On 13 December 2006, American soccer pioneer Lamar Hunt passed away in Dallas. He was 74 years old.
Heir to an oil fortune, Hunt was an enthusiastic supporter of both both soccer and American football. In 1959, after being turned down for a National Football League franchise, he helped found the rival American Football League and formed his own team, the Dallas Texans. He later moved the team to Kansas City, renaming them as the Chiefs, and they eventually joined the NFL when the two leagues merged in 1970.
His interest in soccer was sparked by a 1962 trip to Ireland, where he took in a Shamrock Rovers match. Five years later, he helped establish the North American Soccer League and founded the Dallas Tornado, who went on to win the league title in 1971.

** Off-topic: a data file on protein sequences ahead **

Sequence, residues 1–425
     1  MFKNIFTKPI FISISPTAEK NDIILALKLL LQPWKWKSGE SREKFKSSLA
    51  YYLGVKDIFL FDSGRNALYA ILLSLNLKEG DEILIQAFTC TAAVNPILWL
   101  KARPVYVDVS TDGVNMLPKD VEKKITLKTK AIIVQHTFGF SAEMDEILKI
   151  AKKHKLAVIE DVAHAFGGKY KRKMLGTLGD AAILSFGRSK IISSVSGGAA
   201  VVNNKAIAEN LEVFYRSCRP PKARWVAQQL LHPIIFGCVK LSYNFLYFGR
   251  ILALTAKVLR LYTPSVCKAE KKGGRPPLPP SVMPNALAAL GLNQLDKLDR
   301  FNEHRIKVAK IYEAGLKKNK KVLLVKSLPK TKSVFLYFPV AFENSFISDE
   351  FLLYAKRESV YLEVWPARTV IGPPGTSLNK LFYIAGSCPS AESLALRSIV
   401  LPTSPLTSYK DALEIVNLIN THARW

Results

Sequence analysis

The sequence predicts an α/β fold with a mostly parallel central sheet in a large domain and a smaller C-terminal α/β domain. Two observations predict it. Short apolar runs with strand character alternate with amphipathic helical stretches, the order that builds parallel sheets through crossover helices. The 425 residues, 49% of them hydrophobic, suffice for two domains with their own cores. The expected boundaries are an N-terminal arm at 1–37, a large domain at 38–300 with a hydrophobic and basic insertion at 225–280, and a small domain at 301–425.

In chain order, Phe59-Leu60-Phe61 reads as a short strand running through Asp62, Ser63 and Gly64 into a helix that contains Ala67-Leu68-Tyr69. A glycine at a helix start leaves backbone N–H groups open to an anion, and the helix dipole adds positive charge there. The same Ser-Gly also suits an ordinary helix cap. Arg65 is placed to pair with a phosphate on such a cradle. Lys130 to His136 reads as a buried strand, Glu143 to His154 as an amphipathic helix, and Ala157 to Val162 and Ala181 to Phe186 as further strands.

After the demise of the NASL, Hunt continued to promote the sport in the US. He was one of the driving forces behind the creation of Major League Soccer, which debuted in 1996 with two Hunt-owned teams, the Columbus Crew and the Kansas City Wizards. In 2003, he acquired a third team, FC Dallas and owned all three until his death.
He received several honors and awards over the course of his life, including induction into the National Soccer Hall of Fame in 1992 and the placement of his statute outside the Columbus Crew Stadium. In 1999, the U.S. Soccer Federation renamed the U.S. Open Cup in his honor. Now known as the Lamar Hunt U.S. Open Cup, it is the country's longest-running soccer competition.